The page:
Boston Medical and Surgical Journal
1899 Volume 140, number 10, page 234.
The next case is a rather interesting one of compound-comminuted fracture of the coccyx. The patient, a man, fell sixty-five feet and struck upon the end of the spine, producing that injury and no other. The bone was comminuted, and there was a small wound opening to the bone which was enlarged and all fragments removed. He made a complete recovery in a mouth.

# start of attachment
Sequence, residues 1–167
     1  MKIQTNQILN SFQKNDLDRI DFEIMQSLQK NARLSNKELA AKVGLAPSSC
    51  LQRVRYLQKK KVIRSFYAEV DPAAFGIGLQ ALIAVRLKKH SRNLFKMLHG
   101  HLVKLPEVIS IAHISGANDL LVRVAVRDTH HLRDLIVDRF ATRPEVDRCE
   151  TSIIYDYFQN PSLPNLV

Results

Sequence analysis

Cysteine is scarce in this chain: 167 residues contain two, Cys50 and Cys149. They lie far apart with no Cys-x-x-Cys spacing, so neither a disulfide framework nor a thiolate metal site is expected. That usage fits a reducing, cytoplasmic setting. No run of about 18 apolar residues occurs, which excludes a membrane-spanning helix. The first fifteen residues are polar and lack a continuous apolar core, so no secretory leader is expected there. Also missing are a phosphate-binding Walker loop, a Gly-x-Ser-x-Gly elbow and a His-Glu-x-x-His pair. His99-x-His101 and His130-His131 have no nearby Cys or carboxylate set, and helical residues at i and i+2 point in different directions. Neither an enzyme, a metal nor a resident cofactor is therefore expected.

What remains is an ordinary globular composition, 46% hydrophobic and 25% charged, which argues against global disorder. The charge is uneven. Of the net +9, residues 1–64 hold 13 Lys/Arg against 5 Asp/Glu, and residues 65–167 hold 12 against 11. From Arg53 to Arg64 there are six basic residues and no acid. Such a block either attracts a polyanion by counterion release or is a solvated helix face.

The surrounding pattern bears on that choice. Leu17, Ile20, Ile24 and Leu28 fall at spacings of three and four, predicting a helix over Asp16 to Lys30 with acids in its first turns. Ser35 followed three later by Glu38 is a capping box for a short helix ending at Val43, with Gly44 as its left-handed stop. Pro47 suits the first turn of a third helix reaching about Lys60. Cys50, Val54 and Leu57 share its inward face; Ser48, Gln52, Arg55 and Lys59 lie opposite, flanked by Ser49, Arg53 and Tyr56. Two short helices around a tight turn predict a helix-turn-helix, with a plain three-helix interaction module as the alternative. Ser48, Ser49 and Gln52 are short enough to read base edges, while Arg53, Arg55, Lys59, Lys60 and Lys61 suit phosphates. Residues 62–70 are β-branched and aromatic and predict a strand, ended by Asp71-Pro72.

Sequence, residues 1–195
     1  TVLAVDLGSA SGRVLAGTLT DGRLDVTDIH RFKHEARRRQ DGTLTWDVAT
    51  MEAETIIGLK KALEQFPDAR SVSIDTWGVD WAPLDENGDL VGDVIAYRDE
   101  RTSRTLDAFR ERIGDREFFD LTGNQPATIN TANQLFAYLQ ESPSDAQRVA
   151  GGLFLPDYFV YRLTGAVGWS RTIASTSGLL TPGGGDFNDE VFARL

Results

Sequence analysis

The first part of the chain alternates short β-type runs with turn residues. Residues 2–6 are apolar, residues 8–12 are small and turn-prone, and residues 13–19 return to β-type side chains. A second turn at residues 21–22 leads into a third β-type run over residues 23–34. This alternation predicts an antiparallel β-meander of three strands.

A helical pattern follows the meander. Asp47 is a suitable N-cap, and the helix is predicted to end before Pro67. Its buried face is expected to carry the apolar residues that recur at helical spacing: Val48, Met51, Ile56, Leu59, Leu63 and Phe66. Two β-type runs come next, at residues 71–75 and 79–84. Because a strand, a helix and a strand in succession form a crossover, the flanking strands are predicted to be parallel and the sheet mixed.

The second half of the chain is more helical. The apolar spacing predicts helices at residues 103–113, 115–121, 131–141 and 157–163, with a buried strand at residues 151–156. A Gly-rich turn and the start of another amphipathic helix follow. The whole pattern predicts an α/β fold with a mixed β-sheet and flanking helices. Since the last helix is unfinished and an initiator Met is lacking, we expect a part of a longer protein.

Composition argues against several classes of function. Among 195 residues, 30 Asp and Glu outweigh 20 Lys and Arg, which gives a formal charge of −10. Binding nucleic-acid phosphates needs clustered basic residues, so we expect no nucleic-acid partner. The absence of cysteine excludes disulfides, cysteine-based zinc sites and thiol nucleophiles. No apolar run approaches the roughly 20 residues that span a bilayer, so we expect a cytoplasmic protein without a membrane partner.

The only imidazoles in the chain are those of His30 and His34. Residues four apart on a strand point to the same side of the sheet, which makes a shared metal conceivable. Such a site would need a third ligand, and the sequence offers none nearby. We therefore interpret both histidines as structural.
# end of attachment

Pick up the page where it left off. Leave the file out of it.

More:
In view of the neuralgia which is so apt to be associated with simple fractures, and is such a cause of invalidism in women and others who have had injuries of the kind, it is a question whether or not the complete excision of the bone soon after the injury is not a safer proceeding, though it may be more radical, than waiting for neuralgias to develop, and then to attempt cure by excision - an operation notably unsuccessful.